Various physico-chemical properties of buttermilk also differ from that of skim milk (Table 43.1). These differences in physico-chemical properties of buttermilk and skim milk provide many choices for their selective applications in dairy products manufacture. Buttermilk solids have also been demonstrated to possess antioxidant activity and have been suggested for use in stabilizing food matrixes against lipid peroxidation reactions.

43.4 Buttermilk Powder

Buttermilk can be preserved by converting it in powder form. Production of buttermilk powder from buttermilk follows essentially the same process as the production of skim milk powder from skim milk. The buttermilk is first pasteurized, then concentrated in an evaporator and finally dried (spray or roller dried) to produce buttermilk powder. It shall contain not less than 4.5% milk fat and not more than 5% moisture. It shall have a protein content of not less than 30% and the label should specify the minimum protein content. The phospholipids and total lipid content of dried buttermilk is higher than NFDM. It may not contain or be derived from, skim milk powder, dry whey or products other than buttermilk, and contain no added preservative, neutralizing agent or other chemicals. Heat stability of sweet cream buttermilk is considered to be better than skim milk, thereby making it more suitable for processing to very high heat treatments. The gross composition and physico-chemical properties of spray dried sweet cream buttermilk and skim milk are given in Table 43.2.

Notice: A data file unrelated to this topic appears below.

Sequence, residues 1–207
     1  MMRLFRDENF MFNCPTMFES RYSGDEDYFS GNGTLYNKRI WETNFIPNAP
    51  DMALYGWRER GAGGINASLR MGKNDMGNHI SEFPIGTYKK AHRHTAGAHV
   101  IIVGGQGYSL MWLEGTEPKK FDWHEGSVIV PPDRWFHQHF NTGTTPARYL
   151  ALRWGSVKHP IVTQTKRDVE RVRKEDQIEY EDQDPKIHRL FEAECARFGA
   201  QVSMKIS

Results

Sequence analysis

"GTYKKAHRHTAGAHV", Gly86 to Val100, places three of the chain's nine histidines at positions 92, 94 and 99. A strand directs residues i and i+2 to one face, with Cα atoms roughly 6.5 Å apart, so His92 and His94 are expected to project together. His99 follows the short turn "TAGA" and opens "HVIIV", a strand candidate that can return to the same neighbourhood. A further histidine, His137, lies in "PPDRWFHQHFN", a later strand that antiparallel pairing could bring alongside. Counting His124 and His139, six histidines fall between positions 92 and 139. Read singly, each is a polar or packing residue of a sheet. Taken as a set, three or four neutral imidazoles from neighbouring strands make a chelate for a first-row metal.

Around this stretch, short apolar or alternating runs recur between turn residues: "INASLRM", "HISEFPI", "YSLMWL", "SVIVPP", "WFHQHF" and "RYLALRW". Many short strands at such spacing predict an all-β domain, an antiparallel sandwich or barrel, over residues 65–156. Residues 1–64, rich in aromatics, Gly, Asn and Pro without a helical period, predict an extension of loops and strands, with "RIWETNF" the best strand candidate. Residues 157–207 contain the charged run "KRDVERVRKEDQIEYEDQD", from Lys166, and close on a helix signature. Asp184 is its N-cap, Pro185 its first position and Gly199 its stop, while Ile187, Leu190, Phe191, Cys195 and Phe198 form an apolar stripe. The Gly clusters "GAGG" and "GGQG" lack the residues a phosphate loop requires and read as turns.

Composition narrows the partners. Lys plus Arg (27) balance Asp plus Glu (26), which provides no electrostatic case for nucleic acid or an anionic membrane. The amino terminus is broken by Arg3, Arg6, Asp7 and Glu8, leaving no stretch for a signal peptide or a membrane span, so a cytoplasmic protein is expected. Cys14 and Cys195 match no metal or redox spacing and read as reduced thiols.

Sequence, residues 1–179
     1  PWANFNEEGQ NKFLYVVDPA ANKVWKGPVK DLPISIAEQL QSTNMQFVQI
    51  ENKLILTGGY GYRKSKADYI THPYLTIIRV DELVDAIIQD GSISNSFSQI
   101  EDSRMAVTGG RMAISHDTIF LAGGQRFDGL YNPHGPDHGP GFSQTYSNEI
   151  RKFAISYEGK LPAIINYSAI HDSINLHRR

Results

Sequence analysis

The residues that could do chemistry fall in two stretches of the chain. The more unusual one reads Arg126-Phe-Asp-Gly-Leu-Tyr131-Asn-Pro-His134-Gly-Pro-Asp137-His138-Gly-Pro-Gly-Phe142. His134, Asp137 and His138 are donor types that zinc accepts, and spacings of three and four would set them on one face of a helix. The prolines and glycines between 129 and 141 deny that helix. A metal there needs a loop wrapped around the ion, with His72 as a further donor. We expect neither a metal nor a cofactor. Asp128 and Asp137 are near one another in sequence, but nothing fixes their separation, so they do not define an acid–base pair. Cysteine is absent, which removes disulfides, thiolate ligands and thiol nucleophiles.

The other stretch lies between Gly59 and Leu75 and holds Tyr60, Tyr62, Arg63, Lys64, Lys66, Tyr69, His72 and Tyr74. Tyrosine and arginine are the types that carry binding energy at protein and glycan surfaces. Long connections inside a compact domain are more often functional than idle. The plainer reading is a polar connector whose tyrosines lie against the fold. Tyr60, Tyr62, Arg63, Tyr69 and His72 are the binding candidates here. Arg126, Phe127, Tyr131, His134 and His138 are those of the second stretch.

Table 43.2 Typical physicochemical characteristics of spray powders


Buttermilk powder is a cream colored powder with a clean, dairy flavor. The solubility of spray dried buttermilk powder is excellent, while the solubility of the roller dried product is not quite as good.

The protein composition of buttermilk powder is essentially the same as skim milk powder with the addition of some protein material originating on the fat globule surface. Sweet cream buttermilk powder has high total lipids including phospholipids than skim milk powder as some small fat droplets are lost to the buttermilk during butter making. Spray dried buttermilk powder has lower bulk density and is less free flowing and dusty because of high fat content in comparison with skim milk powder.

The shelf life of buttermilk powder is 6-9 months and is limited by the potential oxidation of the fat in the powder, which produces an off flavor. Oxidation can be discouraged by main-taining a low moisture content and avoiding exposure of the powder to elements that promote oxidation including light and metals such as copper and iron.

Selected references

Pal, D. and Mulay, C.A. 1983. Influence of buttermilk solids on the physico-chemical and sensory properties of market milks. Asian J. Dairy Res., 2: 129-135.
Pal, D. and Rajorhia, G.S. 1985. Buttermilk utilization in dairy industry. Indian Dairyman, 37 (9): 397-403.

Last modified: Tuesday, 16 October 2012, 9:14 AM